Read the rest of the review here.

Read "Carnaval" by Brenda Peynado

Because we married in New York, where his people had lived for the last two hundred years, we will honeymoon in the Caribbean, where mine had lived for the last two hundred years.

Let's go on a cruise, Jared says. That way we can see all of it.

His relatives, tightrope walkers who string up paths between skyscrapers because they like the way the city looks wavering through the air as distant grid, approve.

We leave during Carnaval, the season of masks and parades.We climb the gangway burdened with luggage, up towards the cruise ship with a billion windows looming in the sky. I have such hopes for our fragile marriage, that he will become more, even, than the myth I dressed him in like a suit for our wedding night. Jared holds my hand and like this we rise through our passport check, our luggage check, the all-aboard photo opportunity, and the ship-wide emergency drill. The Caribbean yawns for us like a blue mouth. The sea breeze smells like fish and salt and mermaids wailing for me to come home. It feels real to me, so real.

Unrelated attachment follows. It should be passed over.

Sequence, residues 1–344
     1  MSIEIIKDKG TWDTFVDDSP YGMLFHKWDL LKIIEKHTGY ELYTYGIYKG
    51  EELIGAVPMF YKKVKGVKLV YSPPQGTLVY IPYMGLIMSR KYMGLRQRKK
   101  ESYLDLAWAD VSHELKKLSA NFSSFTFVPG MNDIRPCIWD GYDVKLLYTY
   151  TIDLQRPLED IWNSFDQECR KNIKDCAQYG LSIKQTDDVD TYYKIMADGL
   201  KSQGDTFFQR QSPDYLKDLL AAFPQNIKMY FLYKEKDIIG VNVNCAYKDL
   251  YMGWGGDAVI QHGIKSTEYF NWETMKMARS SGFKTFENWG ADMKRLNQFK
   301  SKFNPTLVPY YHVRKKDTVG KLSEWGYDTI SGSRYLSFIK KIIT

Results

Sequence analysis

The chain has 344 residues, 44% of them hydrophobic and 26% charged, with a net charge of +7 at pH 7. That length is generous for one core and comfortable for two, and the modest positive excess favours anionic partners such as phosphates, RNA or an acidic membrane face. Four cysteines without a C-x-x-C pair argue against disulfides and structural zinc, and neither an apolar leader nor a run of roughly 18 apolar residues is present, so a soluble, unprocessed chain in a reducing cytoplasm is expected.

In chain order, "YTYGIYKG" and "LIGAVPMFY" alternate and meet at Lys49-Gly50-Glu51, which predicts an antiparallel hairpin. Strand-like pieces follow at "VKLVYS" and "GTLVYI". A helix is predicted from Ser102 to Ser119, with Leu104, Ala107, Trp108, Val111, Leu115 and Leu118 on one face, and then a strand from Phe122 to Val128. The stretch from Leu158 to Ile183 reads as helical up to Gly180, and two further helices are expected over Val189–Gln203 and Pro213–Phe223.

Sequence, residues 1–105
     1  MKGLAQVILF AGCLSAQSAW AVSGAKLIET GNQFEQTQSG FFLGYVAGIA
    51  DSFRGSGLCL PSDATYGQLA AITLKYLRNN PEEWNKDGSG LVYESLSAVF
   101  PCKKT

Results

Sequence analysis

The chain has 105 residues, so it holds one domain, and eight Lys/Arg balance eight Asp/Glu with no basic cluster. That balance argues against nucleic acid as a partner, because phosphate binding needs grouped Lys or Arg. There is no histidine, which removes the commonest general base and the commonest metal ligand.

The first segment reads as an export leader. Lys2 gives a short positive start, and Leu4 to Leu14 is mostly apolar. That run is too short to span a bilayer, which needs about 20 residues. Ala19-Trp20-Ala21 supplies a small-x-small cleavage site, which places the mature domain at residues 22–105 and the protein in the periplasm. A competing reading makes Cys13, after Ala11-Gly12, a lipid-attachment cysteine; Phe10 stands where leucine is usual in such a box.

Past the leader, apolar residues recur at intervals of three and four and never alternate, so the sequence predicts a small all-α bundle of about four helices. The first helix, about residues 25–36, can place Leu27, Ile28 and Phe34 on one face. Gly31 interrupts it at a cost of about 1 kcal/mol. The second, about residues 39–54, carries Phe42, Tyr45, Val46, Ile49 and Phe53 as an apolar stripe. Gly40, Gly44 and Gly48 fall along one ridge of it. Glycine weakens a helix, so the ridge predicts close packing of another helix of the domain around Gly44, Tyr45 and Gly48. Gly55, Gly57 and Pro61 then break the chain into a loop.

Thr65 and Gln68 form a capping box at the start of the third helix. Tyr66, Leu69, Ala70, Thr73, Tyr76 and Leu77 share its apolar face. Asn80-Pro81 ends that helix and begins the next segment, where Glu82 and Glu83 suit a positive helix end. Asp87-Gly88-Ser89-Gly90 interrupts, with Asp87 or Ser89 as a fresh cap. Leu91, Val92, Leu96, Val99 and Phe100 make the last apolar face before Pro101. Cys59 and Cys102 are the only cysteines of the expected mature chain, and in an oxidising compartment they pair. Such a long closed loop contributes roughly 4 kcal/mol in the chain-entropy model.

Read the rest of the story here.

Read "Notes on Torture" by Joel Brouwer
Joel Brouwer

The human desire for power is general; methods to attain it are diverse. We have long trained our torturers to attain power by extracting it from victims. But the torturer can never be fully satisfied with the power he acquires in this manner. He remains aware that though he possesses the victim’s power, he does not own it. In fact, he hardly possesses it, since power taken from a victim doesn’t reside in the torturer, it moves through him. When the torturer obtains his victim’s power, he feels a surge of satisfaction. But because that power is not his own, his soul soon voids it as waste. The torturer is then compelled to siphon yet more power from the victim. Meanwhile, the victim, witnessing the torturer’s dependence upon him, feels his store of power increase, and so more power is available for the torturer to extract. We understand the cycle is ironic and self-sustaining; we have failed to determine how it might be interrupted.